The (slight) difference between Zagat and Yelp informing search

Photo: Bing Cherries  Credit: Alice Carrier
Photo: Bing Cherries Credit: Alice Carrier

This week Microsoft announced a partnership with Yelp which will use reviews from Yelp to inform search results.  Both Yelp and the Google-owned (and informed) Zagat solicit user feedback in order to give a ranking of local businesses.  I’m biased in that I strongly dislike Yelp and Bing, so I was happy to see them morph into a super-villain.   From my experience on Yelp, I expected that the recommendations (which I perceived driven by people in their early-20s) to be more relevant to the Google audience than the (much) older Bing audience, and the converse for Zagat and Bing.

It seemed to me that both search engines were dancing with the wrong partners.

As it turns out –  Zagat and Yelp have much in common.  There is a lot of congruence between the two in online audience demographics.  (Note that I make the assumption that audience composition informs reviews at an equal rate, which is a gross oversimplification but gives a general framework to compare the two):

– Audience:  There is a reason why Google tried to acquire Yelp before settling on Zagat and this is probably it.   Alexa ranks Yelp as the 188th ranked site in the world (44th in the US), Zagat is 13,056th in the world (2,930 in the U.S.).  Obviously there is a lot more audience informing Yelp than Zagat.

– Age:  Both sites skew disproportionately higher in the 25-34 demographic.  Yelp skews slightly higher in the 45-54 demographic and Zagat skews slightly higher in the 55-64 demographic.  This seems to indicate that both sites are strongest in that young adult demographic with Zagat trending a little older in average age.

– Gender:  Both sites trend decidedly female.

– Work and babies:  Both sites trend high in people without kids (because those of us with kids never go out) and with professionals who search from work, though Zagat is relatively stronger in both demographics.  One would assume from this that the average Zagat user has slightly more income than the average Yelp user.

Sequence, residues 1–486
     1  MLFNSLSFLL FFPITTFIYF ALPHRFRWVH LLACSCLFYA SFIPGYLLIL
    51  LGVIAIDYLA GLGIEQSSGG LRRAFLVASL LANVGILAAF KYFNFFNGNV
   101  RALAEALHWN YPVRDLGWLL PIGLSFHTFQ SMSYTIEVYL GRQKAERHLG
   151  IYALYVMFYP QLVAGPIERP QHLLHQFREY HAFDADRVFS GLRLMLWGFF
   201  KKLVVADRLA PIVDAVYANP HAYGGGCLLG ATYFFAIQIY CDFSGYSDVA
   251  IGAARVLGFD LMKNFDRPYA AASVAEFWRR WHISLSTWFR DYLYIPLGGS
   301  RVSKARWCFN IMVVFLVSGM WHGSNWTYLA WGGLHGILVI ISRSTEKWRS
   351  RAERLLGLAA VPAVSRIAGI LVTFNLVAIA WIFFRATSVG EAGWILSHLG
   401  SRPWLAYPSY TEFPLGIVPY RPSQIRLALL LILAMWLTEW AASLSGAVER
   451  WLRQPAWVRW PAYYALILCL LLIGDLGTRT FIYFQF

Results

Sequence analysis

– Other:  Zagat shows strength in college graduates, where Yelp shows strength in college graduates and people who have completed some college, which probably offers the greatest insight into why the Yelp community appears to be dominated by young adults (assume this means that in the 25-34 demographic that Yelp skews much closer to 25.).

Given the demographics of each site, the biggest question then is which of these sites would best inform the average search user?  The audience of both Yelp and Zagat appear far more congruent with Google’s audience than with Bing.   Google skews strongest in the 18-24 and 25-34 demographics and  Bing is strongest in the 45-54, 55-64 and 65+ demographics.  So while it appears that Zagat might be slightly more appropriate to the Bing audience – it’s reviews are much less relevant to Bing users than Google.  If Google were interested to return the most relevant review-informed search results for their audience, they probably should use both Yelp and Zagat though (as much as I hate to say this) they probably should weigh Yelp higher proportional to their audience.

The big takeaway from all of this is that the Bing partnership with Yelp is probably going to make Bing search results even less relevant to its constituent audience, and have no effect on Google.  Bing and Google aren’t dancing with the wrong partners – there just isn’t an ideal partner for Bing because of their unique user demographics.


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Jim Dougherty

Jim Dougherty

Writer and chief of miscellany at
I'm the guy that wrote the article you just read. Sorry for the typos.